The festival of Pesach (Passover) came to an end in Israel last night; but for those of our readers living in the Diaspora the eighth and final day ends this evening - and Arutz Sheva is here to provide you with a summary of some of the important news stories of the past two days.
Palestinian Authority yo-yos over threats to disband
As talks between Israel and the Palestinian Authority look set to dissolve on April 29, PA's chairman Mahmoud Abbas issued a threat over the weekend to dissolve the PA entirely as part of a series of unilateral moves aimed at isolating Israel internationally.
US officials expressed their alarm over the threat, and in turn warned America could cut the flow of aid to the PA.
Confusingly, PA officials later denied that any such moves were on the table - only for Abbas to once again imply that disbanding may be a possibility if Israel did not give in to his demands for a building freeze in Judea and Samaria.
Israeli officials, meanwhile, reacted with skepticism and derision. Economics Minister Naftali Bennett pointed out that this was the seventh time Abbas had made such threats, and that Israel would be more than happy for him to follow through.
"If (Abbas) is doing that for Zionist motives I appreciate it. But if he's using it as a threat against us, then I ask him: what's the threat? Breaking apart the PA that incites terror? Breaking apart the PA that breaches the Oslo Accords? Breaking apart the PA that pays fixed stipends to murderers of Jews?" asked Bennett.
Temple Mount riots
MK Moshe Feiglin has called on Prime Minister Netanyahu to fire Internal Security Minister Yitzhak Aharonovich, for failing to deal with Islamist riots on the Temple Mount throughout Pesach.
Feiglin said police were aware that riots were being planned but could not do anything to prevent them from occurring due to directives issued by Aharonovich's office.
Meanwhile the Palestinian Authority warned of a "holy war" over the Temple Mount, and pledged to stop Feiglin from visiting.
A 'Pesach miracle' as southern Israel comes under fire again
Terrorists from the Gaza Strip fired a barrage of rockets at southern Israel - including one which narrowly missed a packed synagogue in the embattled town of Sderot, on the final day of Pesach.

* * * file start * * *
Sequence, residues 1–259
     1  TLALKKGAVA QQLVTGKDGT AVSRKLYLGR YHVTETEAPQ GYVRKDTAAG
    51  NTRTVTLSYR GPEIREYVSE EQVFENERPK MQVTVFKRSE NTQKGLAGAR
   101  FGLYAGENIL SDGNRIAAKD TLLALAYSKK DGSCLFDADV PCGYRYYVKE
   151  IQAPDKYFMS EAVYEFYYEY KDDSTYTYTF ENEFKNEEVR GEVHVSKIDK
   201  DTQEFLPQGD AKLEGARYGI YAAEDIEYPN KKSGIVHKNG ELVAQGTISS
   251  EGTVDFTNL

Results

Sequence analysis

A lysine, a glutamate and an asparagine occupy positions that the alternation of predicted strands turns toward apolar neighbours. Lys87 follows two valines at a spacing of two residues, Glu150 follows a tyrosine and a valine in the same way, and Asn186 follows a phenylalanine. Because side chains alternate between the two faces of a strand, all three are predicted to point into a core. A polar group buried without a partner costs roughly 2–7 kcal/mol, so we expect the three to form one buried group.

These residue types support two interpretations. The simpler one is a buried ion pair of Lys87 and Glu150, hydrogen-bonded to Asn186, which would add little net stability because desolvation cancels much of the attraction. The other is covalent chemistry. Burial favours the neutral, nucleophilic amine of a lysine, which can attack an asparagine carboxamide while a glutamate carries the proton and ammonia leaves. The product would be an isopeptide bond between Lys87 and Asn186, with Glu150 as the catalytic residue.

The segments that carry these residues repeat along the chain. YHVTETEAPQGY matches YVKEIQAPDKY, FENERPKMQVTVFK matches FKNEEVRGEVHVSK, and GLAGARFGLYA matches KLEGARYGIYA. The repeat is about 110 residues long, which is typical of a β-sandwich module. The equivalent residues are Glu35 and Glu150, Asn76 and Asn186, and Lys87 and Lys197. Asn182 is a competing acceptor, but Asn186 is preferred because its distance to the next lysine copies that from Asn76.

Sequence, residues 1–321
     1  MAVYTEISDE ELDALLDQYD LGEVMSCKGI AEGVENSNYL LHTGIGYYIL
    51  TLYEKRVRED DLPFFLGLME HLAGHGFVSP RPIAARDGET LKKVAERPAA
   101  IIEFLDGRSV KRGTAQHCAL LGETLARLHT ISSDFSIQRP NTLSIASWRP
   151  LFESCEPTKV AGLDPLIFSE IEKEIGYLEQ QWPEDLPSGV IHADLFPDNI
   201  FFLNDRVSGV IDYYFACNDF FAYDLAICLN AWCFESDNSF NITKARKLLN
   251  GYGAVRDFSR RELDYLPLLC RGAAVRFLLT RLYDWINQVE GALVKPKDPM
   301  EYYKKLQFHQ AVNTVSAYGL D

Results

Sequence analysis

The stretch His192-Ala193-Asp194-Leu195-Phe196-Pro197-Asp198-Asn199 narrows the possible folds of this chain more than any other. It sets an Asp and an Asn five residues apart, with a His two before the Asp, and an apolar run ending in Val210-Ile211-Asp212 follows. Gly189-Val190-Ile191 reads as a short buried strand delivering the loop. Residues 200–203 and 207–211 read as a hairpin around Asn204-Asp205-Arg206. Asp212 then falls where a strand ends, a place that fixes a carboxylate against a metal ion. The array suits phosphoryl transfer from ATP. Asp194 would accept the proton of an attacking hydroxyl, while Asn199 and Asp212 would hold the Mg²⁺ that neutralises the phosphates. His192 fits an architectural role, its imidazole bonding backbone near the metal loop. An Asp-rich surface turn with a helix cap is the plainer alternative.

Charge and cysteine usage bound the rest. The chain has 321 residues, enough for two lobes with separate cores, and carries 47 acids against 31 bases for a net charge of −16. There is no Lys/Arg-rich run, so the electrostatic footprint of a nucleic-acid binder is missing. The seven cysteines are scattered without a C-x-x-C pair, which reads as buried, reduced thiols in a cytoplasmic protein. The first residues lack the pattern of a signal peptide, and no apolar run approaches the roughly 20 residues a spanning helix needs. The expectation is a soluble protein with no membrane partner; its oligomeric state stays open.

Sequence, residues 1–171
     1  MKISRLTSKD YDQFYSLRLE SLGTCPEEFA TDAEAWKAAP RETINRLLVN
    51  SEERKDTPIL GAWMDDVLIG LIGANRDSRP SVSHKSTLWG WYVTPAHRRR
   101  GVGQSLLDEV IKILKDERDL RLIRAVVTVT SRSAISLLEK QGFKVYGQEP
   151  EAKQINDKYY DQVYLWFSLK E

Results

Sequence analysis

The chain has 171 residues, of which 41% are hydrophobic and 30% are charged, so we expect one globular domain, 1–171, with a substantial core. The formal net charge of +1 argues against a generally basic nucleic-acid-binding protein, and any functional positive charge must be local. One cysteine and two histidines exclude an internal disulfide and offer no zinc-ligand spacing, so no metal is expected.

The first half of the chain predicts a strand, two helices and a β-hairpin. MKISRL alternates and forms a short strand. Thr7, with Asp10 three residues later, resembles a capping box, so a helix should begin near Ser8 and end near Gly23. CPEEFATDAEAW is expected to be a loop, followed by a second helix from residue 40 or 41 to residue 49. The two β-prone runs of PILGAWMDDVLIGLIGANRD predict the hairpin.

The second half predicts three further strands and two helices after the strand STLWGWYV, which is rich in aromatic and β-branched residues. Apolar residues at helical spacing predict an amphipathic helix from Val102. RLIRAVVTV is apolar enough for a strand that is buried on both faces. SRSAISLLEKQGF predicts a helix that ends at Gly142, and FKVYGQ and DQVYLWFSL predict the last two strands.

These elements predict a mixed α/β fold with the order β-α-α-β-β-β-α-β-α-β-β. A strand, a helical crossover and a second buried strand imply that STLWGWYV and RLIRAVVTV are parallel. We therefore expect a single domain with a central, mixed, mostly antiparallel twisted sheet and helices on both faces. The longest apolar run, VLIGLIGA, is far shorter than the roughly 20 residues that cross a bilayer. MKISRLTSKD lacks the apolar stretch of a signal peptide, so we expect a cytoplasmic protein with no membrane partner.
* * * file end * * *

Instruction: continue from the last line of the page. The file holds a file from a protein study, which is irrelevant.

'Unprecedented' US counterterrorism operation kills Al Qaeda's chief bomb-maker
Reports have surfaced of an "unprecedented" US special forces operation, which is believed to have killed two prominent members of Al Qaeda's "most dangerous" branch, known as AQAP (Al Qaeda in the Arabian Peninsula).
The operation in Yemen killed as many as 55 Al Qaeda operatives, including chief bomb-maker Ibrahim Al-Asiri, and AQAP leader Nasir al-Wuhayshi.
It comes less than a week after footage appeared of al-Wuhayshi holding a major meeting of Al Qaeda operatives in Yemen, with over 100 fighters and commanders of the terrorist group appearing in public.
Anti-Semitism in Ukraine
As tensions continue to escalate between Kiev and Moscow, Ukraine's Jewish community is finding itself increasingly caught in the middle, with accusations flying over which side is responsible for a spike in anti-Semitism.
The two most recent anti-Semitic attacks include the firebombing of a Chabad synagogue in the birthplace of the late Lubavitcher Rebbe (Rabbi Menachem Mendel Schneerson) Nikolayev, as well as anti-Semitic graffiti on the grave of his brother, who was murdered during the Holocaust, in Dnepropetrovsk.
Mayor of Missouri resigns over support for Kansas City gunman
The mayor of Marionville, Missouri, hometown of Kansas City killer Frazier Glenn Miller was forced to resign Monday, after voicing support for the anti-Semitic gunman and former KKK leader's views.
He told a local paper that he "kind of agreed with him [Miller] on some things, but I don't like to express that too much."